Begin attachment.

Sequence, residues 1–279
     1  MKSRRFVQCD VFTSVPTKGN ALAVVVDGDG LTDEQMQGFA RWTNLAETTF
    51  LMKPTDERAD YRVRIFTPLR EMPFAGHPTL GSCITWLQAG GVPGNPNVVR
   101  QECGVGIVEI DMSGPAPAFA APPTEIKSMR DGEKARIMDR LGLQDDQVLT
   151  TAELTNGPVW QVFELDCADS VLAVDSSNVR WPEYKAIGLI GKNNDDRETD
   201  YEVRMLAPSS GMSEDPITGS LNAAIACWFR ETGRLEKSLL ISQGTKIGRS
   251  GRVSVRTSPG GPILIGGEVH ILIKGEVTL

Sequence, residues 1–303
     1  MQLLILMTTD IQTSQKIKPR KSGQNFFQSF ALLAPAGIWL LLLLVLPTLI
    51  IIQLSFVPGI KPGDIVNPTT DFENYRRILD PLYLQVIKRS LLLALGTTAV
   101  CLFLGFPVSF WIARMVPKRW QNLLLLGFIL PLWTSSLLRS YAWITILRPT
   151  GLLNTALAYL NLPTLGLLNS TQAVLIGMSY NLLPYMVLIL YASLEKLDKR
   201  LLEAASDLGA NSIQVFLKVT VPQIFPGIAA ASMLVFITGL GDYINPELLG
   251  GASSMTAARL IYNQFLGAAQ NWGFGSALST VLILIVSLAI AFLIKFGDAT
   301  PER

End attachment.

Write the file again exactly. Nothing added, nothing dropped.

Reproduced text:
Sequence, residues 1–279
     1  MKSRRFVQCD VFTSVPTKGN ALAVVVDGDG LTDEQMQGFA RWTNLAETTF
    51  LMKPTDERAD YRVRIFTPLR EMPFAGHPTL GSCITWLQAG GVPGNPNVVR
   101  QECGVGIVEI DMSGPAPAFA APPTEIKSMR DGEKARIMDR LGLQDDQVLT
   151  TAELTNGPVW QVFELDCADS VLAVDSSNVR WPEYKAIGLI GKNNDDRETD
   201  YEVRMLAPSS GMSEDPITGS LNAAIACWFR ETGRLEKSLL ISQGTKIGRS
   251  GRVSVRTSPG GPILIGGEVH ILIKGEVTL

Sequence, residues 1–303
     1  MQLLILMTTD IQTSQKIKPR KSGQNFFQSF ALLAPAGIWL LLLLVLPTLI
    51  IIQLSFVPGI KPGDIVNPTT DFENYRRILD PLYLQVIKRS LLLALGTTAV
   101  CLFLGFPVSF WIARMVPKRW QNLLLLGFIL PLWTSSLLRS YAWITILRPT
   151  GLLNTALAYL NLPTLGLLNS TQAVLIGMSY NLLPYMVLIL YASLEKLDKR
   201  LLEAASDLGA NSIQVFLKVT VPQIFPGIAA ASMLVFITGL GDYINPELLG
   251  GASSMTAARL IYNQFLGAAQ NWGFGSALST VLILIVSLAI AFLIKFGDAT
   301  PER